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"The best way to be motivated is to find a meaning to what you are doing"
With years of experience as a psychologist for elite athletes, Pep Marí offers our interview a series of reflections on motivation, reaching one's goals, performance, effort, etc.
After being Head of Psychology at the Sant Cugat High Performance Centre (CAR) for more than 25 years, he now dedicates his time to giving conferences on these subjects.
Pep Marí Cortès was Head of the Psychology Department at the Sant Cugat High Performance Centre (CAR) for over 25 years.
He earned his BSc in Psychology and MSc in Sports Psychology at the UAB.
The conference he will give on Wednesday 26 April at the auditorium (Sala d'actes) of the Rectorat building is organised by the UAB Alumni and is entitled "EstratËgies per la motivaciÛ" (Motivation Strategies), and is part of the UAB Health and Sustainability Week.
This former UAB student now offers several conferences and collaborates with different media channels.
He worked with the Spanish Hockey Federation during the 1992 Olympic Games in Barcelona, and has worked with the RCD Espanyol football club, the Spanish women's national water polo team, and also in the fourth edition of the TV show OperaciÛn Triunfo, Spain's version of Star Academy.
Pep MarÌ is author of two books: "Aprender de los campeones" (Learning from the Champs) and "La felicidad no es el objetivo" (Happiness is not the Goal).
- To what extent is believing that one can achieve a goal (be it athletic, academic, professional) as or more important than being prepared to achieve it? Those with high self-esteem have it easier?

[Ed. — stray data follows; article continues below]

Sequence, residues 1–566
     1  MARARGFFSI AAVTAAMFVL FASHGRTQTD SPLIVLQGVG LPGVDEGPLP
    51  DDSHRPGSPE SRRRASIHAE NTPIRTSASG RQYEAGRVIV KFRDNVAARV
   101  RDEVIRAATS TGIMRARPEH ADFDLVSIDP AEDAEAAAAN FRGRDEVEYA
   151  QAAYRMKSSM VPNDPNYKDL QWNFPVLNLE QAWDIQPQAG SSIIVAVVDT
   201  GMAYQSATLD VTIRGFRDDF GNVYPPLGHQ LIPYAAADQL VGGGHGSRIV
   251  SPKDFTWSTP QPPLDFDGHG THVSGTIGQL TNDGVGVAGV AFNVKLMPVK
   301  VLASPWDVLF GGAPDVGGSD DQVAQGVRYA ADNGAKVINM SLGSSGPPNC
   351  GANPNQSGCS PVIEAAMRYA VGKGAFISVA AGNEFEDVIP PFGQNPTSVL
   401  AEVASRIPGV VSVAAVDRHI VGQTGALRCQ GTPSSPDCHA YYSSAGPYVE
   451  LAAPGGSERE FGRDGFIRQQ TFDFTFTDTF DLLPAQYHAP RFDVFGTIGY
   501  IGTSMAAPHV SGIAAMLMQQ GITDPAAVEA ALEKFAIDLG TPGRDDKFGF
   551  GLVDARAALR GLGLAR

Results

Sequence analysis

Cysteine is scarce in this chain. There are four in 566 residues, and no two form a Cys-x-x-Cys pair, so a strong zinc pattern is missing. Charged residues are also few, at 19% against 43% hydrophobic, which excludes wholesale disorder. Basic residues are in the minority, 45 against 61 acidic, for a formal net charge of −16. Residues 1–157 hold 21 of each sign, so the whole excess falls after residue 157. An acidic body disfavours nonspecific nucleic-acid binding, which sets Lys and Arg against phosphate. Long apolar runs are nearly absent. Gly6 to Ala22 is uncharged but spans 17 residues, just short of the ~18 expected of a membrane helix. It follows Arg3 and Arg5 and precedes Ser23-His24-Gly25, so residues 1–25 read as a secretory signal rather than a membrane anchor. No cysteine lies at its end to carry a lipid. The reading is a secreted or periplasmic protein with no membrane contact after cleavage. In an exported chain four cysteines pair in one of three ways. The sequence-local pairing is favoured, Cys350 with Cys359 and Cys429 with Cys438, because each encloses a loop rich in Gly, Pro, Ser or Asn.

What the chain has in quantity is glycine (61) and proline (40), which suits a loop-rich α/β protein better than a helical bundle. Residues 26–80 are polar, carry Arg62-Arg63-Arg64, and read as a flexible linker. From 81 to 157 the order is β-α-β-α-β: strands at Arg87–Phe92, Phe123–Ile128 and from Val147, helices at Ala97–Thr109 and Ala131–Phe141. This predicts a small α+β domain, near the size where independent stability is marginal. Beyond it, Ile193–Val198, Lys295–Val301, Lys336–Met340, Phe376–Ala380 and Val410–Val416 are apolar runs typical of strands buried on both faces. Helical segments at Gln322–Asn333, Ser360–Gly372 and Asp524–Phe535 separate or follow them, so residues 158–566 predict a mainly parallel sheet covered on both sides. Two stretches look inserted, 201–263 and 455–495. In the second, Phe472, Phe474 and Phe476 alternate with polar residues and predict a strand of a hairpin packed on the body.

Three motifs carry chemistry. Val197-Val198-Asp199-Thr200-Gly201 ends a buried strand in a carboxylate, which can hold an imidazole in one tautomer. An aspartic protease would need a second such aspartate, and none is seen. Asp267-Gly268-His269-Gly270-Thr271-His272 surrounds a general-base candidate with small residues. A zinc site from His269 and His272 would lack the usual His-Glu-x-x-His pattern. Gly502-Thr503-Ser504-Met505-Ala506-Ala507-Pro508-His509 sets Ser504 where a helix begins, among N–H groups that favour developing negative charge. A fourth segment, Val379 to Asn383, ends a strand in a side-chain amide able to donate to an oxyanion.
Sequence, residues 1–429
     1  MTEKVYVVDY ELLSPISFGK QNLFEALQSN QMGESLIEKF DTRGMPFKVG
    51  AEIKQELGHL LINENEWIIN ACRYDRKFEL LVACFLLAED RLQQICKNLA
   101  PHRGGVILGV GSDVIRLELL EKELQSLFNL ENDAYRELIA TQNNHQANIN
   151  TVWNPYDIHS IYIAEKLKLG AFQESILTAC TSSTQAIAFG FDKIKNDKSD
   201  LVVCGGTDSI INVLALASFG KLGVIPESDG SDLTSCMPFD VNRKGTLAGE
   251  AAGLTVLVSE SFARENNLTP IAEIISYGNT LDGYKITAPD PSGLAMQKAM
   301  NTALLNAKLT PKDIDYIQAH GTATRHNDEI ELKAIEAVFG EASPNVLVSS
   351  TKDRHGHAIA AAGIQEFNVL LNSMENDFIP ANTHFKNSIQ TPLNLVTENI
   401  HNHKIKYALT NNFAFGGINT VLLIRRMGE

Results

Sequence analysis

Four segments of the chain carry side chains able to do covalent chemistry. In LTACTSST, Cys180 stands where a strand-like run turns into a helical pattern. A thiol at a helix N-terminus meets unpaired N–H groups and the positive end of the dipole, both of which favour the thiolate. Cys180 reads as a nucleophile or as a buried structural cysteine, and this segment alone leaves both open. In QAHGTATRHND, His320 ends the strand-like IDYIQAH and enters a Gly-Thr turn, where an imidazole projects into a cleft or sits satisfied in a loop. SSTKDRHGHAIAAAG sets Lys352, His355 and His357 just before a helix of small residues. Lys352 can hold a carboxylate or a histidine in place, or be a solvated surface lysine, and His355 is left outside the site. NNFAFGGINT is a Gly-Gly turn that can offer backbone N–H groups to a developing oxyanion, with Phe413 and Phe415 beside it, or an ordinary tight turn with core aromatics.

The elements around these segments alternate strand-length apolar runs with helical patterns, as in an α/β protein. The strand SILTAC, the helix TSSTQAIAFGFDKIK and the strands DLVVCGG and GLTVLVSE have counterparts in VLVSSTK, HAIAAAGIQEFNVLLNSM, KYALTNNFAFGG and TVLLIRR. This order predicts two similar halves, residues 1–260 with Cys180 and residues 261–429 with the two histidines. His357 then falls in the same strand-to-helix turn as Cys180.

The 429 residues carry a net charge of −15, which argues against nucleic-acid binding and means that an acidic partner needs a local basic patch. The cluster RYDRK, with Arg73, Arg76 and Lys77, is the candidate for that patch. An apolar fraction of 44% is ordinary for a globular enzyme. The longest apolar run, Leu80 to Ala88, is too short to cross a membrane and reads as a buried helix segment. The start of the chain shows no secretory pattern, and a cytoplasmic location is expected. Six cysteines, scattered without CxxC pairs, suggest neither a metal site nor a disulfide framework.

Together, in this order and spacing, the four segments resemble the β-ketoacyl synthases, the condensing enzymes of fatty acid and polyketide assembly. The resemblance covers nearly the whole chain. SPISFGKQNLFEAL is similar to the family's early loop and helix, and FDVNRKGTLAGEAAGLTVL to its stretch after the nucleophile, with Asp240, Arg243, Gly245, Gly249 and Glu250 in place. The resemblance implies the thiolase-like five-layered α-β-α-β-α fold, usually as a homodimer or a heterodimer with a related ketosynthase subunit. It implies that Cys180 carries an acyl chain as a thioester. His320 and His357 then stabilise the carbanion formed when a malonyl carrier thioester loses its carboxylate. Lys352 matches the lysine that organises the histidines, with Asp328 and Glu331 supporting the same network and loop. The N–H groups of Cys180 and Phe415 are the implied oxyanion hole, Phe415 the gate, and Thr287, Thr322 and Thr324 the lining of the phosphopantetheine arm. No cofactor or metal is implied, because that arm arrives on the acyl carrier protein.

- If you believe you can do it, you have the option of finally doing it. If not, there's no reason to try. They say that if a person does everything they can, they are not obliged to do more. I think they are; they are obliged to believe that everything they do will help them reach their goal. Doing is not enough, you must also believe in what you do in order to be able to succeed.
- What is the simplest strategy to help with motivation (which is the central theme of the conference you will offer)?
-The simplest motivation strategy is to change the way one does things. That is why sports teams change coaches after a period of time with no wins. Maybe the best way to get motivated is to give meaning to what one is doing. It's no fun to put all your effort into something just because. But doing something for a reason can make you feel passionate about it.
- You define yourself as a performance psychologist. Many people think that to get far as an athlete, an elite athlete, there is a lot of suffering, personal sacrifice, and total concentration on your sport. If you never get to be an elite athlete after all these efforts, what do you gain?
-Andrés Iniesta once said: "Getting there is not important, but enjoying the journey is". When you are on the road towards your goals you must enjoy the journey, learn and grow as much as you can, and if you finally do not achieve your objectives, you have come a far way from where you were. And if you finally do reach your goals, it's a double prize!